From the other side of the debate, Zoe Quinn has been harrassed and slut-shamed by those using the Zoe Post as justification. She has been hacked, and information (as this is an article about ethics it would be wrong to speculate on the record what information) has been disseminated through Twitter and Tumblr. Furthermore, infamous developer Phil Fish, who had posted a few nonsensical twitter tirades on the subject and called those involved “ball-less manboobs” (excellent name for a punk band) before cancelling projects no one knew about, had his site hacked and filled with viruses by the same group that hacked Quinn, a group of hackers calling themselves “4chan/V/”. I should mention it doesn’t matter who hacked Zoe Quinn and Phil Fish, what matters is that the hacking and harassment should not have taken place. Not once, not ever. Hacking and harassment are not legitimate forms of discussion, they are the methods of deeply flawed people who only help the other side of the argument.
And that, at the time of writing this, is the current state of play. There have been conspiracy theories about the events that are all over the place, and especially over imgur, but the important thing to remember is that a lot of the information being bandied about is more or less unverifiable, and some of it is actually wrong and will damage arguments if repeated.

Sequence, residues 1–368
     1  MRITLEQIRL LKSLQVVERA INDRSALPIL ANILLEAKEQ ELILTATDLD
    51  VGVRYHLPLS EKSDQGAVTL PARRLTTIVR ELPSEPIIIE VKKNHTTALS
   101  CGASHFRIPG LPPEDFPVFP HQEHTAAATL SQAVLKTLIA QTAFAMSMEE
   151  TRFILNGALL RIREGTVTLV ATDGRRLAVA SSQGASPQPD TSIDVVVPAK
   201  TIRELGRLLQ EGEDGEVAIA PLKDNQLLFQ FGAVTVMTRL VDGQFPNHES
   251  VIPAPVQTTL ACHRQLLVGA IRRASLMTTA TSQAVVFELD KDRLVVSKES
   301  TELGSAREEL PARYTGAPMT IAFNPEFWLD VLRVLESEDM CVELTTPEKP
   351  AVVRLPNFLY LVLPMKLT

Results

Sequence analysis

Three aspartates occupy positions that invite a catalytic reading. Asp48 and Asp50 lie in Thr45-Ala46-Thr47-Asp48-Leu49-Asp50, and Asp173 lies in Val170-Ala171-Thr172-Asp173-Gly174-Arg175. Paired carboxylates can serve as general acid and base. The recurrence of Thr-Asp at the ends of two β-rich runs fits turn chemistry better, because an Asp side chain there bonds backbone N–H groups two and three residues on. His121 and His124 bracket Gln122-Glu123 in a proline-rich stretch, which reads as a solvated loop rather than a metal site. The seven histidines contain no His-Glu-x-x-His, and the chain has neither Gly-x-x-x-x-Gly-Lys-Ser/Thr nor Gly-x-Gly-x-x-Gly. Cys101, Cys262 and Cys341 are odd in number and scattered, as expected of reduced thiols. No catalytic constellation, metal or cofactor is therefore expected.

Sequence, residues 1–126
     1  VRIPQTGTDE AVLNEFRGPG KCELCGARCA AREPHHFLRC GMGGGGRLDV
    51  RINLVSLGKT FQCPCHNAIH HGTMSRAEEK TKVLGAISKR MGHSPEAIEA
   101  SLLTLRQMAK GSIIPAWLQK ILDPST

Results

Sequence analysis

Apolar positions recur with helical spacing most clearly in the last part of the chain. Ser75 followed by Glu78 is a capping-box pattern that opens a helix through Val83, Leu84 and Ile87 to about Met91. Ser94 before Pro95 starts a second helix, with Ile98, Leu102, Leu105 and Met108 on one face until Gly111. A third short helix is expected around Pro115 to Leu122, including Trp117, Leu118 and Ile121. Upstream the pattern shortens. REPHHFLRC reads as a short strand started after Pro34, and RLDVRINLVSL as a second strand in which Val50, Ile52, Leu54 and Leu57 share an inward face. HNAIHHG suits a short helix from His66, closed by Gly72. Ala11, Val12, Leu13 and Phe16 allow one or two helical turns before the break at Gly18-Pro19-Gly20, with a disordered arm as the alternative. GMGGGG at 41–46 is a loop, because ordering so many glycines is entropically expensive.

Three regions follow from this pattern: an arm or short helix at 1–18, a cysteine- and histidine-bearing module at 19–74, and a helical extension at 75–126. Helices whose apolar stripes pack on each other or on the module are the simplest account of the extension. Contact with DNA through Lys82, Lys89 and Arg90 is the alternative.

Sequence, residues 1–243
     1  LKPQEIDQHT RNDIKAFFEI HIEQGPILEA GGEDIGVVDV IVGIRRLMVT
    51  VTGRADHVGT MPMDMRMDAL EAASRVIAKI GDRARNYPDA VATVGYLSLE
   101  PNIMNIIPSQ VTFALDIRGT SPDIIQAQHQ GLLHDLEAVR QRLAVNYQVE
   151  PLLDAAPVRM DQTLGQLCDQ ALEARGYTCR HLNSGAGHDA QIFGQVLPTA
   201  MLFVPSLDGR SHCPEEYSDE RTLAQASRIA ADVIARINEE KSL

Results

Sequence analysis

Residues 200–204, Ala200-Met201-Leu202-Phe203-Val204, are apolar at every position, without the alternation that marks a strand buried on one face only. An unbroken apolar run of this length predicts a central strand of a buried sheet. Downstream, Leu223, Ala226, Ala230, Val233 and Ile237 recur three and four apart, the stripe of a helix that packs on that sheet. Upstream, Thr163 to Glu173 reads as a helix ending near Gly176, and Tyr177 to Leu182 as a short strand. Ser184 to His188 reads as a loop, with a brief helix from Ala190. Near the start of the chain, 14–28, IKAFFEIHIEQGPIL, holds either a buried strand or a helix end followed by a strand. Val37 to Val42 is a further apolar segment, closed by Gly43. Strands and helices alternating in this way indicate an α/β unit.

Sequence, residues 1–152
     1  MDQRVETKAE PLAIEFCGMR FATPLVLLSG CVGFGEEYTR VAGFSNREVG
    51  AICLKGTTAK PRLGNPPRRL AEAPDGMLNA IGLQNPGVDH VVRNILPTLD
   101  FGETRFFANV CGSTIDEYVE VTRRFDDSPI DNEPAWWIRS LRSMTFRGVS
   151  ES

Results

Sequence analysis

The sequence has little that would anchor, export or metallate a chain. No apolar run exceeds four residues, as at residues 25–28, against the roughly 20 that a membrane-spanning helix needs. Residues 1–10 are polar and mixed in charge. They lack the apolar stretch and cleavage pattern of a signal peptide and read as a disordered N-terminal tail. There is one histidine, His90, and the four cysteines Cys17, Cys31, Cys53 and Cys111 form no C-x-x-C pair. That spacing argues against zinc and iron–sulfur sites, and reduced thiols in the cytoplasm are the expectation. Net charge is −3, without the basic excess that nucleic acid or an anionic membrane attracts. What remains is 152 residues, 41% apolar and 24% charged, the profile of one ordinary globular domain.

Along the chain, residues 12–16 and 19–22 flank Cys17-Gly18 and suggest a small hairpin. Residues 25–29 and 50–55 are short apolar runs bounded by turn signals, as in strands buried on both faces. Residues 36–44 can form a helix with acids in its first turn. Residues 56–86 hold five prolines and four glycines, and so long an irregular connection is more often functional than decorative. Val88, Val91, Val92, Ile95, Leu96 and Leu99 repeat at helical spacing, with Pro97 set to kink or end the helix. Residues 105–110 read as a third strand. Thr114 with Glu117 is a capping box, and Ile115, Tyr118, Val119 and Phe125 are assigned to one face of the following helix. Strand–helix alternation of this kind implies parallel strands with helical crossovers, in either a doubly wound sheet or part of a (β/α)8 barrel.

However, some good has come of the whole affair, and it is important to realize that. For example, Kotaku has decided in the wake of the (false) allegations that one of their journalists exchanged sexual favors for positive review coverage to be completely transparent and actually engage positively with the audience on the site. The allegations that Nathan Grayson traded sex for positive coverage have been proven completely false (and they weren’t ever true to begin with, that’s on you, internet), and it has recently come to light that he behaved admirably from a professional standpoint.
Similarly, the Escapist has had an open discussion amongst all its users and writers in a single forum thread, instead of just shutting threads down. In discussing the scandal, there has been more honest and open discussion about the place of personal relationships in game journalism than there was in the past.
But guys…just recognizing it because it’s happening now is not enough. The problem with this is that as quickly as they’re brought up, most people forget about them. Most people think these problems are solved. That, as we have seen from the Zoe Quinn scandal, as we have seen from the two articles linked in the previous paragraph, as we have seen from the outcry in the wake of the scandal, is simply not the case. Look at those two links up there. One of them’s from 2012. The other’s from 2007. Here’s an article from last year detailing the moral quandary one journalist had with the very thing at the heart of this week’s matter.